A follow-up discussion released on September 12 showed that menopausal women without hormone hormones for years would change the perspective of the average person’s interest in hormone therapy.
The ations revealed that hormone therapy does not shorten women
The study was based on another study regarded as a milestone, with the use of estrogen (estrogen) or the combination of lutetic hormone (progestin), and the use of five to seven years of placebo. The study found that women who used two hormones had a higher rate of breast cancer, heart disease and stroke, while those with estrogen alone had a higher rate of stroke.
But about 18 years of follow-up research showed that, even at risk, both control groups had roughly the same rate of death from heart disease, breast cancer and other diseases.
Director of Prevention at Boston Women’s Hospital (Brigham and Women’s Hospital) and JoAnn Manson, lead author of the report, said the latest findings support the current medical initiative that women take short-term hormonal supplements to relieve menopausal conditions such as hot flashes. The report was published in the Journal of the American Medical Association (Journal of American Medical Association) on December 12.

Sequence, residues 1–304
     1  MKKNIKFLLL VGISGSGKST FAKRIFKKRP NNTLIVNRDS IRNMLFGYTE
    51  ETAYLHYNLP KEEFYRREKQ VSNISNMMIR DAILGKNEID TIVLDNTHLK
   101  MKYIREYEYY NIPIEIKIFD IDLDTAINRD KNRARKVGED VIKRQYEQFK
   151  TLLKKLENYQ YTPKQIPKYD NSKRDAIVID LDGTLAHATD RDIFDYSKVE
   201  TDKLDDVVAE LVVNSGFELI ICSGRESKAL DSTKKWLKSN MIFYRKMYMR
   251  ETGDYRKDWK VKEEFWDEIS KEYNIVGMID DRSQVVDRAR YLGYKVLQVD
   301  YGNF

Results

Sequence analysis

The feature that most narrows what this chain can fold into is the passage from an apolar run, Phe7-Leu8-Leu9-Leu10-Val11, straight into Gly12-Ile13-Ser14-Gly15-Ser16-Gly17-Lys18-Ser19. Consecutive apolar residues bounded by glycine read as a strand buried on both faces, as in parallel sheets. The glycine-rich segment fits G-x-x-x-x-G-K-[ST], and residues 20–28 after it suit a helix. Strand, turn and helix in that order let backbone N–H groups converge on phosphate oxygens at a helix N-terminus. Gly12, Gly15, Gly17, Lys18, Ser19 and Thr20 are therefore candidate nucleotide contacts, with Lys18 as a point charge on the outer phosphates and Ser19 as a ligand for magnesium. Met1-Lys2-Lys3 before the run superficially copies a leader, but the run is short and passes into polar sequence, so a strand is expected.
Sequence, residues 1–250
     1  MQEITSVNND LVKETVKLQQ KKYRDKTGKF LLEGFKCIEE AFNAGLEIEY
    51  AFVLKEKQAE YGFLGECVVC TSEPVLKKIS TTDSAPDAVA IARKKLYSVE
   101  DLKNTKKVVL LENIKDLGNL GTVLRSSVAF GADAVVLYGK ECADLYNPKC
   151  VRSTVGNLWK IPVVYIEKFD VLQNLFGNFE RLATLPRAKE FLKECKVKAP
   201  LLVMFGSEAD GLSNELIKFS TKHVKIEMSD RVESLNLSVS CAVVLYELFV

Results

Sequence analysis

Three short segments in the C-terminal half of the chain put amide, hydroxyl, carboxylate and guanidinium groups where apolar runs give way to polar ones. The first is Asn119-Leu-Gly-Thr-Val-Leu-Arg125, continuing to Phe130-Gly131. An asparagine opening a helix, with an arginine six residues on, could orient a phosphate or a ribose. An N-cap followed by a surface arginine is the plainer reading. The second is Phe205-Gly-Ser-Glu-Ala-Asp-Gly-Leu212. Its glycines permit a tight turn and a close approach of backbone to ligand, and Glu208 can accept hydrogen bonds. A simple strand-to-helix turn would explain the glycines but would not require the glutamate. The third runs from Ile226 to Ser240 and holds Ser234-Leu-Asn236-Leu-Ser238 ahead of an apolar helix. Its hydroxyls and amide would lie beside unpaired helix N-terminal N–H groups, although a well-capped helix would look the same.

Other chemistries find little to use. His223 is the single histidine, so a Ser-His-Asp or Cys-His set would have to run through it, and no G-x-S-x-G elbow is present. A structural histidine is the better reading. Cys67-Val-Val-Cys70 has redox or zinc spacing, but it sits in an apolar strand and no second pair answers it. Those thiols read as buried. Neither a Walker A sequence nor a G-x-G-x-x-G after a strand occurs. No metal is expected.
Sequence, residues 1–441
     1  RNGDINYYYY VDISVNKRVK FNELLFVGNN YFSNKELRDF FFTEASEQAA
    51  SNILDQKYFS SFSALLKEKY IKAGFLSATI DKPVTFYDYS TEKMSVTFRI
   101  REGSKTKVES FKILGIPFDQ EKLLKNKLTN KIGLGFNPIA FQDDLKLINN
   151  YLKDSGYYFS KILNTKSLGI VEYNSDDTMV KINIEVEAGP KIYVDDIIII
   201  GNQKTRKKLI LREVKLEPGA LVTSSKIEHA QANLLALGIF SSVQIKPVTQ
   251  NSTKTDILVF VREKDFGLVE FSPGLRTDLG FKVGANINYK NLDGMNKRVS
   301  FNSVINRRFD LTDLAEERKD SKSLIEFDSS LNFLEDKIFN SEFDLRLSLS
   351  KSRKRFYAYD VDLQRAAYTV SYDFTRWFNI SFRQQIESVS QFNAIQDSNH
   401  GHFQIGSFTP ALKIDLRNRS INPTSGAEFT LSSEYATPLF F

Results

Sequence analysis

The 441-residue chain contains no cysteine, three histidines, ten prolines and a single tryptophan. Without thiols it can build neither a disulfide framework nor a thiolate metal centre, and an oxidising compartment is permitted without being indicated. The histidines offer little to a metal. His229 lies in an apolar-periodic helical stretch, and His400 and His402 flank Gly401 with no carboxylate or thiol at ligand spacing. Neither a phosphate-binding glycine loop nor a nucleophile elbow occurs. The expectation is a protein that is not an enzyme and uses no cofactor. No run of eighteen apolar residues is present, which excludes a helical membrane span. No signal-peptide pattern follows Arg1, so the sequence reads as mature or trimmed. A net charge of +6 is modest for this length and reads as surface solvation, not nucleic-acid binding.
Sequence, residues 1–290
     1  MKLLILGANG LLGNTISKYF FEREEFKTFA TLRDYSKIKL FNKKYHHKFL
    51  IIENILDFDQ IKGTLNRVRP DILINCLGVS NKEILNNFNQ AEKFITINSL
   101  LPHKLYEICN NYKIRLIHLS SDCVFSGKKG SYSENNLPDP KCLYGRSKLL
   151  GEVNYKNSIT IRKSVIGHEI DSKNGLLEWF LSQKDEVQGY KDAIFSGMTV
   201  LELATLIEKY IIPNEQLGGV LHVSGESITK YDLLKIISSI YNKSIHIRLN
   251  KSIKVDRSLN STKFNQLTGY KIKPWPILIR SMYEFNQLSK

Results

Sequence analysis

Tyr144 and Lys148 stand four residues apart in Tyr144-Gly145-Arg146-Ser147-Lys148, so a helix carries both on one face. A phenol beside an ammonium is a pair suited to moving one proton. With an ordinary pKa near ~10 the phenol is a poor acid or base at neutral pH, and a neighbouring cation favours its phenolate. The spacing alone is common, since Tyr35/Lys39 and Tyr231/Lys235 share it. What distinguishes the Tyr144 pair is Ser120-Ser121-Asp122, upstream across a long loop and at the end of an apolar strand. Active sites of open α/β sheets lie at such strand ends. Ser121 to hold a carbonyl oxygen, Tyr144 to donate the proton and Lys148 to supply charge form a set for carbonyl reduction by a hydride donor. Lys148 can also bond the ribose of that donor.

Hormone supplementation, once seen as a youth fountain by menopausal women, reduces heart attack rates and strengthens memory because of insufficient evidence. The milestone seminar, sponsored by the federal government, began in the early 1990s to severely test the impact of hormones on mature women. The discussion is Prempro estrogen and luteal hormone supplements and Premarin estrogen.
The conclusion led doctors to oppose hormone therapy to prevent attacks in old age. If it is used to relieve menopause, it is recommended to use the lowest dose possible and shorten the medication period as much as possible. As for women with pre-existing health problems, the damage of hormonal therapy may exceed its benefits. The seminar included women aged 50 to 79.
The follow-up discussion involved 27,000 women who had participated in the previous discussion, including women who had continued to supplement the hormone for about a decade.